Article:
Sex offender registry; placement of certain juveniles required. (SB372)

Introduced By

Sen. Richard Stuart (R-Westmoreland)

Progress

Introduced
Passed Committee
Passed House
Passed Senate
Signed by Governor
Became Law

Description

Placement of juveniles on the sex offender registry. Provides that juveniles adjudicated delinquent for an offense for which registration on the sex offender registry is required and who are 12 years of age or older at the time of the offense shall be required to register. Read the Bill »

Outcome

Bill Has Failed

History

DateAction
01/08/2008Prefiled and ordered printed; offered 01/09/08 087732792
01/08/2008Referred to Committee for Courts of Justice
01/10/2008Assigned Courts sub: Criminal
01/23/2008Continued to 2009 in Courts of Justice (15-Y 0-N) (see vote tally)

Comments

Linda writes:

Wow...yes, by all means lets fill up the registry with teenagers who have consensual sex!! Fill it to the brim..ruin their lives forever!!! Take away any court discretion, why not just sentance them to death...after all isn't that what the foaming at the mouth public want...legislators who willingly will kill their children in the name of tough on crime bills??? Heaven help you all.

L. Lawless writes:

This is more obscene than almost anything any juvenile offender ever did. This is a response to the Adam Walsh Act that Virginia legislators don't seem to understand is seriously flawed law.

The mantra with sex offender legislation is "If it saves just one child." How many children's lives will be destroyed with laws that impose a lifetime of shame on children and their children and even grandchildren? We are moving to a time when no offe nder can get off the registry, so we are sentencing these kids to 25 years to life on the Sex Offender Registry.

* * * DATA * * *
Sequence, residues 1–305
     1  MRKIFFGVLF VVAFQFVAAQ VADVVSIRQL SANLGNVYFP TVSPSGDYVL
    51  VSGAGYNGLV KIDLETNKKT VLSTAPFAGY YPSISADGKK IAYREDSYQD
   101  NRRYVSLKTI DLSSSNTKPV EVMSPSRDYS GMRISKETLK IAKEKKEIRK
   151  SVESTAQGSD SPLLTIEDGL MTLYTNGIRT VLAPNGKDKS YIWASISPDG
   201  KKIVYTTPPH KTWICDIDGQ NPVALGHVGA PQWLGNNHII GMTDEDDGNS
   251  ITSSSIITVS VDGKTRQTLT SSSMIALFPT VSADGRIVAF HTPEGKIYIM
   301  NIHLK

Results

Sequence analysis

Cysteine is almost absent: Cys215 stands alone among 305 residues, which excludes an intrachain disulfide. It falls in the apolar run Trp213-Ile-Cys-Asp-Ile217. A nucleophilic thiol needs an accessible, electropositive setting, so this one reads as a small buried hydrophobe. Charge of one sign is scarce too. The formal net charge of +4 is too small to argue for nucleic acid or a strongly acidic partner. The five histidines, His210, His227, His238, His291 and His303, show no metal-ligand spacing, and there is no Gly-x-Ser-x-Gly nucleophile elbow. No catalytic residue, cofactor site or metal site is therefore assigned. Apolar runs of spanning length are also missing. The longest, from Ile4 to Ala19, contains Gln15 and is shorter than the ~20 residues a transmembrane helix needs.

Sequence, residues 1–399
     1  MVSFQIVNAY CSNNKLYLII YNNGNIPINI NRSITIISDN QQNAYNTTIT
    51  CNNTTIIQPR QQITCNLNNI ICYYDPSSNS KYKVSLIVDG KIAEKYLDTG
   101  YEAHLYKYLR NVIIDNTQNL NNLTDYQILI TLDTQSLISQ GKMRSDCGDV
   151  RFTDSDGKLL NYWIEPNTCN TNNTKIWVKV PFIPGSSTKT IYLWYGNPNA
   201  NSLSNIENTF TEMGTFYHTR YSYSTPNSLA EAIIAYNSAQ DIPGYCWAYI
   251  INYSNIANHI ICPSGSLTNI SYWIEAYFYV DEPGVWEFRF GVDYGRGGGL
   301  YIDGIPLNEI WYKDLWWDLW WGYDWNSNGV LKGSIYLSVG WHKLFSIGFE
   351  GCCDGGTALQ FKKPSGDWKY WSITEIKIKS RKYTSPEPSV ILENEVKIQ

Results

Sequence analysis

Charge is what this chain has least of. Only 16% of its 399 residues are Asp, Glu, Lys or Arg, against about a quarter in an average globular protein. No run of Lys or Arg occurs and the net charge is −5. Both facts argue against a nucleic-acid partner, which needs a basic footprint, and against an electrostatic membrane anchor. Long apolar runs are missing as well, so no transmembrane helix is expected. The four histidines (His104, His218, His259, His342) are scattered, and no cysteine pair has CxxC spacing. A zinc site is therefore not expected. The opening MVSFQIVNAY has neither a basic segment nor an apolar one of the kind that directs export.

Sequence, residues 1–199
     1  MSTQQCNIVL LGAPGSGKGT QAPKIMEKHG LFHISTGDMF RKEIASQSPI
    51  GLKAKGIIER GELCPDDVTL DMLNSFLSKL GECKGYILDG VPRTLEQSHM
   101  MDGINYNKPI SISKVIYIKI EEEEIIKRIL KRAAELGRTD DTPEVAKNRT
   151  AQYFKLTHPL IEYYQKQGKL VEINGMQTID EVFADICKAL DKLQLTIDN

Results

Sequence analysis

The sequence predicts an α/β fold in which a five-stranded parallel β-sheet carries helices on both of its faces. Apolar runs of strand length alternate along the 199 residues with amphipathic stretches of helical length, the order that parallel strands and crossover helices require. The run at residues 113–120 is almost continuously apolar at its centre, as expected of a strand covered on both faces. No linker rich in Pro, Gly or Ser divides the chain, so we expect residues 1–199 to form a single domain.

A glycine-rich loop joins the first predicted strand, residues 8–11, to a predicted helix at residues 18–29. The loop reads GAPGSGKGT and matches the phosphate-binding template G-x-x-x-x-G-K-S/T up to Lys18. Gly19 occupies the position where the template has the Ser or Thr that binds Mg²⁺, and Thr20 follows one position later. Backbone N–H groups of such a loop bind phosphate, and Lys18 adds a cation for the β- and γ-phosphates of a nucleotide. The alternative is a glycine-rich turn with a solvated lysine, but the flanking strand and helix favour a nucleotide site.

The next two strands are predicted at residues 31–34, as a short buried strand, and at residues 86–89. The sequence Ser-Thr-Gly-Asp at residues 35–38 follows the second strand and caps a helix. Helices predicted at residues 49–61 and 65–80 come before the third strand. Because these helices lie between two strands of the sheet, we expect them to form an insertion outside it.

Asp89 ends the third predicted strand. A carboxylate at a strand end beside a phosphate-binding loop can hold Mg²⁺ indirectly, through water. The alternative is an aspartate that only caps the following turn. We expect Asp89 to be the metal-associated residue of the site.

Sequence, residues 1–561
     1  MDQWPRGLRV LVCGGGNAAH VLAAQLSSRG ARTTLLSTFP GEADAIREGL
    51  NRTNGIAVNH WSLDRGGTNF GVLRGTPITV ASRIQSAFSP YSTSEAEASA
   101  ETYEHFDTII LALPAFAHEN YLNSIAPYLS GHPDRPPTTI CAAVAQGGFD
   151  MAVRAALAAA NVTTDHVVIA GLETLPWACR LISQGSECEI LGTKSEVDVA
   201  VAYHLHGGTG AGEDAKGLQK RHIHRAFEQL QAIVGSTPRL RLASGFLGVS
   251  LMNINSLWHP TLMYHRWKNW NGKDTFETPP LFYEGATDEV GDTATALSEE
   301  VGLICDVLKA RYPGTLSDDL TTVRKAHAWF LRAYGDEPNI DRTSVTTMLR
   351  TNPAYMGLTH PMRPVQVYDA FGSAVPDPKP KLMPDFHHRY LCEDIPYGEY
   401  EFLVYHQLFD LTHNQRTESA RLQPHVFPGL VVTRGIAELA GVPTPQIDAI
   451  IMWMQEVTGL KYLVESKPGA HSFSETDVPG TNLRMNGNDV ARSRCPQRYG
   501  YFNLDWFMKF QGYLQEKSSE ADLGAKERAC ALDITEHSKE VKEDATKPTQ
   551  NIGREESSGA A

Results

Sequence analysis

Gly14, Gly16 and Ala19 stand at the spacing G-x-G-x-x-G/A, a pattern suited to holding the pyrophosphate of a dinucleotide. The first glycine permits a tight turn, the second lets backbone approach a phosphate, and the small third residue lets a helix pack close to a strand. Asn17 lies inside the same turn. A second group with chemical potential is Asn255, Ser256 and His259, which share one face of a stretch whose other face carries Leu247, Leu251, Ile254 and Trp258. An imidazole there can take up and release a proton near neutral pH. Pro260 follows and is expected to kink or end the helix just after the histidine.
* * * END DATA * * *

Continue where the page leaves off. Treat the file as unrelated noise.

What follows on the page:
Other proposed bills this session would prohibit access to rec centers, parks, etc for life. These laws would apply to these CHILDREN as well.

Who are we protecting again?

cvllelaw writes:

The biggest flaw in the Sex Offender Registry is that it assumes that all people convicted of a particular crime are alike. They aren't. Some -- and this is particularly true of juveniles -- do NOT need further tracking. Some do. The Code provision as is it written now permits a judge to do exactly what a judge is supposed to do -- to make an individualized determination of the need for this person to be put on the registry. We need more steps in that direction, not fewer.

Misty Rhodes writes:

What about a 9 year old repeated sex offender who chewed his 3 year old brother's testicals until they were black and blue and molested his 2 year old half brother and his 4 year old sister. No child is safe around him. This child already has a police record and will be turned over to the State. He should be taken out of society for years of counseling but our State only offers outpatient care. At the age of 9 he has already been a sexual preditor for years and I pity his future victims.